We seem to believe that we are discerning people. To discern means that we are able to perceive or recognize something. One would think that adequate discernment would protect us from ‘fake news’, but that does not seem to be occurring consistently in our world.
Might we not be as discerning as we give ourselves credit for being? Could it be that we are regularly hoodwinked by the deft use of seeming facts that we gloss over and assume to be accurate? I would suggest that the inability to be truly discerning people is what gives birth to ‘fake news’. How is this possible if we are as bright a people as we give ourselves credit for being?
Let us count the ways.
First, we often scan a written piece and presume that we’ve extracted the gist, but when there is an intentional misleading statement involved, we can easily miss that nuance or subtlety given the high-level glance we just gave the writing. We skip on to the next paragraph or the next article or the next e-mail message confident in the assumption we made a couple of seconds earlier.
Second, we tend to believe that everything in print is true by its very nature. How could anyone print something that is not true? Are there not editors or some kind of requirements for truthfulness before something can be published? If it is in print, it must be true. If we remember The Onion newspaper or Mad magazine we can recall the spoofs that were foisted upon us regularly and how funny those were. Except, these kinds of things are not at all funny if they are fed to us intentionally with the goal of having us believe the content.
Third, the more often we read or hear something, the more we come to accept it as being the unquestioned truth. That is simply our nature unless we happen to have been educated as an attorney or are a wordsmith dialed into such things. Some of us, too few, unfortunately, have a gift of spotting that which doesn’t quite add up. Those things almost seem to jump out at us and an alarm goes off that makes us review more closely.
Fourth, there are publications, news programs and so on that we have become accustomed to recognizing as truthful and believable and, therefore, not necessary to be scanned for deceit or ambiguity. These can get us quickly if something is slipped in by accident or intentionally. We have to remember that we are the only person we can trust in this arena. I might have been believable, and I might have accidentally permitted something untrue to make its way into a blog. If you were not watching carefully, you might simply assume that I knew what I was talking or writing about and let it pass as true.
Fifth, the more we hear or read anything that seems the same over and over again, the easier it is for us to assume the substance must be truthful, therefore our threat scanners are unknowingly disabled. Repetition is one of the most egregious forms of passing on bad information and having it believed by more and more people each time it is heard or seen.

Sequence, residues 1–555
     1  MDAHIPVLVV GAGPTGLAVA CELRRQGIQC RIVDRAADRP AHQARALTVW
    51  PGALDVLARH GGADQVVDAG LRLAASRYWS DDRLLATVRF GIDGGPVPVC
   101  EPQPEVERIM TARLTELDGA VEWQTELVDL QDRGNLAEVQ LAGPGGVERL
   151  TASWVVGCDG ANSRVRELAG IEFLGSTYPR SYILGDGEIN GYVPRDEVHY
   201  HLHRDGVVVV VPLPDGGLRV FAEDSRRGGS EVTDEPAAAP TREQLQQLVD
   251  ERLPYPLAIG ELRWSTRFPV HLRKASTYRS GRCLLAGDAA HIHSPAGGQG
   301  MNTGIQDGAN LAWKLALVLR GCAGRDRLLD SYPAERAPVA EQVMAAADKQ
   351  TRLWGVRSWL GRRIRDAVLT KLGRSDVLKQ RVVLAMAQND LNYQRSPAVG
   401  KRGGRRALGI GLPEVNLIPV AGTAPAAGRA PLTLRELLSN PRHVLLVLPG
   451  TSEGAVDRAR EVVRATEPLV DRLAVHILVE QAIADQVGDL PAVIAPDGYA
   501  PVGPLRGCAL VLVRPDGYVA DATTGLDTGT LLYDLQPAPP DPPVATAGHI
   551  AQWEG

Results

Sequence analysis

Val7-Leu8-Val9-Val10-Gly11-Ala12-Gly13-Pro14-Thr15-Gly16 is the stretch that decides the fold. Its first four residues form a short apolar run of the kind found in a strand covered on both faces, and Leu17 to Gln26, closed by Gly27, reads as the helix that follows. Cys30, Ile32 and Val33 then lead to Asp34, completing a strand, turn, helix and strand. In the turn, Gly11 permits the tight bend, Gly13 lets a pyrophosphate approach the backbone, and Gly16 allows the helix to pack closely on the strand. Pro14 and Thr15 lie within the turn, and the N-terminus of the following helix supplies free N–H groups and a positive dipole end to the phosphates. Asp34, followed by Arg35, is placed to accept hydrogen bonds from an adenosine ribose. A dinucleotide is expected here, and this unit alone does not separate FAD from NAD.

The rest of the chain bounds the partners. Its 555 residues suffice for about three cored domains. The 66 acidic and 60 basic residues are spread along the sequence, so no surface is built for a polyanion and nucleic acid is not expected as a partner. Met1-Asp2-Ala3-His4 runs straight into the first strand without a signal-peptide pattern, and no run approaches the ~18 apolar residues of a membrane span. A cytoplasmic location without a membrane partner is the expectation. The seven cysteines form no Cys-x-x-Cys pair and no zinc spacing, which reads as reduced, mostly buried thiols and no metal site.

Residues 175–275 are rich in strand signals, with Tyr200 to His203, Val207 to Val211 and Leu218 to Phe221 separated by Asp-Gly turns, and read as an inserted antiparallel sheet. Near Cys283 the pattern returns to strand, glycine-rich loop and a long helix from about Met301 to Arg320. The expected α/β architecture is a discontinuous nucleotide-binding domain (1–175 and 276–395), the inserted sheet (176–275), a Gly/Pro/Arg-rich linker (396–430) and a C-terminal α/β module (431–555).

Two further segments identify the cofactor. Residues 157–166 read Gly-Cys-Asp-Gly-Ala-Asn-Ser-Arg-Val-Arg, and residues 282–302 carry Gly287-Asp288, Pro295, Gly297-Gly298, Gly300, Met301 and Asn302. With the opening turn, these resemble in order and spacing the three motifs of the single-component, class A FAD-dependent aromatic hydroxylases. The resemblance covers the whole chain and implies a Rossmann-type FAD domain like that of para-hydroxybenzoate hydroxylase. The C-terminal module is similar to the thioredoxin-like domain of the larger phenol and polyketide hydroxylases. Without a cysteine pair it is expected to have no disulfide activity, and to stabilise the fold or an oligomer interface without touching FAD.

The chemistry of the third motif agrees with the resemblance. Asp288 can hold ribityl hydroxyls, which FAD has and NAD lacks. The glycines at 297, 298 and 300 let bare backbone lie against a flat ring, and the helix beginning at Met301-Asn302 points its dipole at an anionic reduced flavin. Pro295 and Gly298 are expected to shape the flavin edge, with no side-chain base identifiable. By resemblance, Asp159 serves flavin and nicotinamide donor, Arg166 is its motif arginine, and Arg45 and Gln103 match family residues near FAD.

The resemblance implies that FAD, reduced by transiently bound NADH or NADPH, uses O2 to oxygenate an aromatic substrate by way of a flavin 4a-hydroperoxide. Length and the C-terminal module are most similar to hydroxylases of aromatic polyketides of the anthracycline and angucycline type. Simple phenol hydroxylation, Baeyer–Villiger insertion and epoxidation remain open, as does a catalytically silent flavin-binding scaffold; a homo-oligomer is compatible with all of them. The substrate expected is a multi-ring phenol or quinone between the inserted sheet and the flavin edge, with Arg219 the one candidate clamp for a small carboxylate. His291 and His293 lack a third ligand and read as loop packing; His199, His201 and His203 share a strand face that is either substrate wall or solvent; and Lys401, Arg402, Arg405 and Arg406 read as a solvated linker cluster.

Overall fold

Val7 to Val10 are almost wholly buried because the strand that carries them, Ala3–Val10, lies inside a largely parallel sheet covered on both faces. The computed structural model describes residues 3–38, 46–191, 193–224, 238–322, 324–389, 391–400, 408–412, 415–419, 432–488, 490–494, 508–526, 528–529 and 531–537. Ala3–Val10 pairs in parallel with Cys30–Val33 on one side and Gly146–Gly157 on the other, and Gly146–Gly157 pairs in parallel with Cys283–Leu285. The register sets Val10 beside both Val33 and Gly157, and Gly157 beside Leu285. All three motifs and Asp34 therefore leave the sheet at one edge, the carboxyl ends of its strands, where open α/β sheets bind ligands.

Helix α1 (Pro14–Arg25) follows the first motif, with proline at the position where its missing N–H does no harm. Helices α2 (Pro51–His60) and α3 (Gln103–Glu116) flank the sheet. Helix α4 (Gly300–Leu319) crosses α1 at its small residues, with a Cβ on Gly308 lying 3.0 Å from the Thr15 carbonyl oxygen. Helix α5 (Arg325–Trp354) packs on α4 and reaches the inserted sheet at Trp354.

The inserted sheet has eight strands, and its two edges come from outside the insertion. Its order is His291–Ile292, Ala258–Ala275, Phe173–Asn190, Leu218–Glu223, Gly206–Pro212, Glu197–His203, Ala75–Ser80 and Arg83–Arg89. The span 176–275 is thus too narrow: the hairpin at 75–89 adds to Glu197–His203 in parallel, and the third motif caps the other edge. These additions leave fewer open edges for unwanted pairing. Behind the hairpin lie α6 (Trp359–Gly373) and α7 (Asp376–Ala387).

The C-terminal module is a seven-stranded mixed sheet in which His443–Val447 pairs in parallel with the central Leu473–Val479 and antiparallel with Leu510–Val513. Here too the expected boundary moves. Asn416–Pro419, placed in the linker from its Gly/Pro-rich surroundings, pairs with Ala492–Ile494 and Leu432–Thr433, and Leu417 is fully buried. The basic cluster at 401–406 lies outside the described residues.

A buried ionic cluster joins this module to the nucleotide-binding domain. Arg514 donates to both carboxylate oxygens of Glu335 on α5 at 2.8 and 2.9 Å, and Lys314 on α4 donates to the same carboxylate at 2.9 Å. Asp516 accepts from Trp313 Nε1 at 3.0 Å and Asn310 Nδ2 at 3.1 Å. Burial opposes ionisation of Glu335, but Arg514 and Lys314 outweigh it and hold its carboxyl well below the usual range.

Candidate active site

Sixth, we tend to be of the political belief that our parents were, at least at the beginning of our adulthood, that time when we come/came of age to be able to vote. I have shared that I was a devoted follower of the AuH2O (Goldwater) effort during my first experience of a presidential campaign/election in which I could vote. I don’t recall what my parents’ inclination was but I suspect that it was not liberal if I immediately gravitated to Goldwater as my choice.
Add to all this the simple fact that there are publications posing as something they are not, just as the satirical Onion posed as something it wasn’t. Of course, the Onion was an intentional spoof that most everyone knew was just that. When we are uninformed or simply gullible, we can be more easily fooled. When we are tired of the news, we tend to become steeled to the din but some of that gets through nonetheless.
If we agree that there are more liberal ‘news’ feeders than conservative ‘news’ feeders, then we begin to be able to understand that an insidious conscious effort to misinform might work quite well. If all we saw or heard was liberal information, we’d very likely be liberal in our thinking and therefore in our voting.
How do we protect ourselves and others from this insidious subterfuge? We question and we urge others to question. We share our beliefs and are able to articulate why we believe as we do. We recognize the publications and/or broadcasts that we can trust and those we cannot trust, and we know the likely leaning beforehand. We gather information from trusted sources; if we are uncertain which those are, we ask those we know to be conservative for their advice. We use our democracy as it was intended to be used by the founding fathers.
I also intentionally read liberal theses simply to be aware of the positions taken…but I do that in very small doses in order to maintain my sanity such as that is today.